Review: Li’l Depressed Boy #15

“Li’l Depressed Boy” has got a special place in our hearts here at Multiversity, and every now and then we just have to check in on him. But rather than being that trainwreck of a friend who always needs your help at the worst times (as the title would seem to suggest), this comic is more like the friend who shows up at your door with a box of donuts and maybe a couple Adventure Time DVDs. It just keeps giving, and every issue is a treat — even when the actual content is less than sunny.

The great thing about this issue, though, is that things actually are sunny; even as a sense of impending doom hovers over the whole proceedings, these may be some of the happiest moments in the series so far. It’s a harrowing balance, but this issue manages it beautifully.

Written by S. Steven Struble
Illustrated by Sina Grace


Things are moving fast with the Li’l Depressed Boy and his new girl, but can they survive keeping their relationship hidden? Featuring a cover by amazing poet and The Feather Room author, ANIS MOJGANI.

Enjoying a day off work, and getting to spend some time with Spike along the way, LDB’s got a lot to be happy about. But between open-to-close shifts, a belligerent boss, and one heck of a cliche’d performance review, he’s got plenty of big stuff waiting for him when he gets back to work.

The wonderful/terrible thing about this issue is that at literally every page, you’re expecting the shoe to drop. Things have been going so well lately between LDB and his new girlfriend Spike that all the threats hanging around in the background wind up rushing to the forefront of your mind while you read even when they’re not mentioned. LDB’s boss in particular is just such a nasty, familiar character — we’ve all had a supervisor or boss like this, or at least known somebody who does, and just having that belligerent guy around ratchets up the tension like nothing other. Add that performance review to everything else and the last half of the issue is downright nervewracking.

The moments between LDB and Spike, meanwhile, are as lovely as they are understated. It would be easy to have them spout a bunch of a back-and-forth quips like LDB and Jazz did, but instead Struble and Grace just let these characters chill out for a bit. It’s a brave move to keep things quiet when you’ve got two characters with quirk to spare, and this reluctance to be clever or cute is probably the strongest aspect of a strong issue overall. LDB and Spike’s relationship isn’t a melodrama of its own, but an escape from that sort of thing, and their scenes reflect that sense of peace. It’s the dichotomy between this peace and all the horrible stuff at the theatre that creates the drama, especially when Spike tries to mediate between them.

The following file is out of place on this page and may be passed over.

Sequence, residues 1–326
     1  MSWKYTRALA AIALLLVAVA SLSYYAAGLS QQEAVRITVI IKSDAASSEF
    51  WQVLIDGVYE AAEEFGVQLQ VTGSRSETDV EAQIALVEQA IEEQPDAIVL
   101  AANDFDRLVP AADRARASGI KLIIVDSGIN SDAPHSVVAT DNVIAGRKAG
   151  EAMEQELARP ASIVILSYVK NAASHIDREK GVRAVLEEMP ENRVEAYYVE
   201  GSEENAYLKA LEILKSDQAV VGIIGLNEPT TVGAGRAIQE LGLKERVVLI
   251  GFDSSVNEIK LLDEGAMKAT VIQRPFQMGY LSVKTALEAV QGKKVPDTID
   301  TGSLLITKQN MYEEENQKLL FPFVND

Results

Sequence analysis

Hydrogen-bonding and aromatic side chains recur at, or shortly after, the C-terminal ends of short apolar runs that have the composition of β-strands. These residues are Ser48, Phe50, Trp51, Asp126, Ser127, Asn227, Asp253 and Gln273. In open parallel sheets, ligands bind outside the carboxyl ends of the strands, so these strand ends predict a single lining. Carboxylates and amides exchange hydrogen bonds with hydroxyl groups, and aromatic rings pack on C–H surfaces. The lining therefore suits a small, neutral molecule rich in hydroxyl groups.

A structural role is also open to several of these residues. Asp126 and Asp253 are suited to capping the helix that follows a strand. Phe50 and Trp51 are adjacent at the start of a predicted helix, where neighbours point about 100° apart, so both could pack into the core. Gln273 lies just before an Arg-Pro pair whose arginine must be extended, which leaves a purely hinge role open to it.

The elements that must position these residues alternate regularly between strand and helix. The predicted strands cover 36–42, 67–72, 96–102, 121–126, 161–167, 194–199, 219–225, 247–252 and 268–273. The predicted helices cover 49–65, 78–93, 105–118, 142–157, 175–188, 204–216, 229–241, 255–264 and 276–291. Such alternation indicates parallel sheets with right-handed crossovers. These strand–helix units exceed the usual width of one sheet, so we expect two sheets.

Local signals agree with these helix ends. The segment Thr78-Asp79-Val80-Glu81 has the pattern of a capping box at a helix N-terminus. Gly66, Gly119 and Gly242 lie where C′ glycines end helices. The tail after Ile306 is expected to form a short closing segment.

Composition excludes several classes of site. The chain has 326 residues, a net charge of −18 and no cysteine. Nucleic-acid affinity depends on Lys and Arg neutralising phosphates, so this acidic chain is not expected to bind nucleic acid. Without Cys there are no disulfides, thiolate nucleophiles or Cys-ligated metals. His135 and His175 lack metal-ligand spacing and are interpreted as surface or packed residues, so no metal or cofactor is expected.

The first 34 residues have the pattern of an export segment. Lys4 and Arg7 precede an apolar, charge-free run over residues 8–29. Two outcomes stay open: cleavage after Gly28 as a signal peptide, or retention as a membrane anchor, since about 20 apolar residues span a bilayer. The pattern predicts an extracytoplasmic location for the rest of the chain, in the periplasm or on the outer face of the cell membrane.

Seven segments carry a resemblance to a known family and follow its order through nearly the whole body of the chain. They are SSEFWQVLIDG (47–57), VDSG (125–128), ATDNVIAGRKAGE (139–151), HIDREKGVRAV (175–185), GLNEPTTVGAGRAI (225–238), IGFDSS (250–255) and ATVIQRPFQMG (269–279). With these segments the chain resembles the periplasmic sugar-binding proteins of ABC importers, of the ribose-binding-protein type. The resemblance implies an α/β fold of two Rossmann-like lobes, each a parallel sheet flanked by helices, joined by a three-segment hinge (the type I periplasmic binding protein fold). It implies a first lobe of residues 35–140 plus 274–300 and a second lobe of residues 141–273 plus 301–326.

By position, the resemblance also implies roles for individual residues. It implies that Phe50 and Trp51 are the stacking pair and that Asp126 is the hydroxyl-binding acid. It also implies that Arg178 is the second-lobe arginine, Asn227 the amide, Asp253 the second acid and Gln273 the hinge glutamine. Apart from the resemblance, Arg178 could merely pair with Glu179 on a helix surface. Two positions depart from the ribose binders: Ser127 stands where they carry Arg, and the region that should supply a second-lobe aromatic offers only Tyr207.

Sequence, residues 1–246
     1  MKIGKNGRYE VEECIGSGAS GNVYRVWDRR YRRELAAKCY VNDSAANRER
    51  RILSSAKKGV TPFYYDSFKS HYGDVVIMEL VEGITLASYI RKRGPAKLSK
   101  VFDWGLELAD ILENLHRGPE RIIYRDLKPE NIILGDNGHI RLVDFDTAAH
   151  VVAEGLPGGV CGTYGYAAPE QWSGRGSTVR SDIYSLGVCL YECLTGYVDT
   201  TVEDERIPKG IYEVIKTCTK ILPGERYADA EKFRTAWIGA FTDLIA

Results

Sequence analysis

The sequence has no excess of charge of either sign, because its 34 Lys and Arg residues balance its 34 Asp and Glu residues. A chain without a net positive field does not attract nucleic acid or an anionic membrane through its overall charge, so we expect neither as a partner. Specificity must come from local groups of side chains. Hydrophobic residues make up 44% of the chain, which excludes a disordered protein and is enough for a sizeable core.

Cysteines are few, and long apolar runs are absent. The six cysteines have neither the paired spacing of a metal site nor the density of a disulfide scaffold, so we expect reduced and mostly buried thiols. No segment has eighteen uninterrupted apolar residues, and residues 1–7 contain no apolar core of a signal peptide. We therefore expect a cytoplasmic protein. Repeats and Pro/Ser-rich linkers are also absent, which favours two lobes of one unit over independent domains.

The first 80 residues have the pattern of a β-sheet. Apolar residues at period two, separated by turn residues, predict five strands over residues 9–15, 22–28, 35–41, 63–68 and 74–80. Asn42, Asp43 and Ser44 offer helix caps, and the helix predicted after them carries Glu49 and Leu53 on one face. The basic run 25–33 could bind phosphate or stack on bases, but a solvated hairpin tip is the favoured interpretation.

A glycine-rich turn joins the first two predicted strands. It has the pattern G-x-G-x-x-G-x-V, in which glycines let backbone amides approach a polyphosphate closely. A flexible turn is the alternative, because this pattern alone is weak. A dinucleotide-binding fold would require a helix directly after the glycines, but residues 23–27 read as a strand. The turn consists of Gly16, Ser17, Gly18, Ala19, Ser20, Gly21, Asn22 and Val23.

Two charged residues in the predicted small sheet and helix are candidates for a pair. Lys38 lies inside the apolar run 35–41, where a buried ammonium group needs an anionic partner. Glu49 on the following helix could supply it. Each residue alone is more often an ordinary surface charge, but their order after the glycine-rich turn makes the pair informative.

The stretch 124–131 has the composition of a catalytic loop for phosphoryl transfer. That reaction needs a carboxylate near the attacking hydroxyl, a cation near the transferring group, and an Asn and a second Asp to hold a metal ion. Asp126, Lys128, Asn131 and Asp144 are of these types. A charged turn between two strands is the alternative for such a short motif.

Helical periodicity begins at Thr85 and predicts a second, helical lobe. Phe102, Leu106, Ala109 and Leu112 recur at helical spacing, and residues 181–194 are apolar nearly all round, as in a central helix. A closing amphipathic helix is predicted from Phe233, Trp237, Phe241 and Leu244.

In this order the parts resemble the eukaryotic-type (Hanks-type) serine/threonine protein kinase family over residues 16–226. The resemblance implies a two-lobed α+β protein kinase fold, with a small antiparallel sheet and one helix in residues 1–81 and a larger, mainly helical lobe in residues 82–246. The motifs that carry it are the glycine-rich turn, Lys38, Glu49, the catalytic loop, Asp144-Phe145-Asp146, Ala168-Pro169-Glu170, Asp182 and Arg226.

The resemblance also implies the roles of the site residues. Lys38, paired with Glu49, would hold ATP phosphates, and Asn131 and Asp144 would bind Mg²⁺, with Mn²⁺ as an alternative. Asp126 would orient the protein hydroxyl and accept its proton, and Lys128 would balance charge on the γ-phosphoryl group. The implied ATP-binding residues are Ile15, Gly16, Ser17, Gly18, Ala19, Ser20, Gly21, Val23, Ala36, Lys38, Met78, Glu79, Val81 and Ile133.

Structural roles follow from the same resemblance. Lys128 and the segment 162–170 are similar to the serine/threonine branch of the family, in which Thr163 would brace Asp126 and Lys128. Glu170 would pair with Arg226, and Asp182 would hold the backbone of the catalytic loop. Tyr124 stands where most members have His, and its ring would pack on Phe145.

All the while, and as had been the case throughout the series, it’s difficult to point out what it about Sina Grace’s art that makes it so great. It’s such a perfect match in tone to the script that it’s difficult to tell where one ends and the other begins. Grace makes wordless panels sing, and adds all kinds of atmosphere and spaciousness to ones that do have dialogue. The understated quality of the art complements the humour when it comes up, but underscores the melodrama of a situation as well. There’s definitely a deadpan quality to the whole, but LDB himself is endlessly expressive and so is Spike, and this makes their quiet moments in this issue all the more powerful. Struble’s colours, meanwhile, lay out LDB’s world with an arresting mix of drab and vibrant. It’s not often in comics that find offices as depressing and hilltops as gorgeous as the ones you find in this issue, and the range in tone (both emotionally and in terms of colour) makes this a truly enjoyable read.

All told, we’re still in love with “Li’l Depressed Boy”. It’s stayed consistently emotional and subtle and sweet and heartening for fifteen issues now, but it still doesn’t feel like it’s repeating itself. This book keeps avoiding that trap — the one where we stop caring, and tell LDB to grow up — because LDB is growing, right before our eyes. And as he goes along, he’s subverting everything that’s “little” and “depressed” about himself and his situation, just by being able to be happy. That shoe is definitely going to drop soon, if the last page of this issue is any indication, but with all the emotional development happening here, my feeling is that at the end of it all we’ll still have an LDB who’s grown and changed for the better. And that’s pretty exciting.

Final Verdict: 9.5 — Buy

About The AuthorMichelle WhiteMichelle White is a writer, zinester, and aspiring Montrealer.

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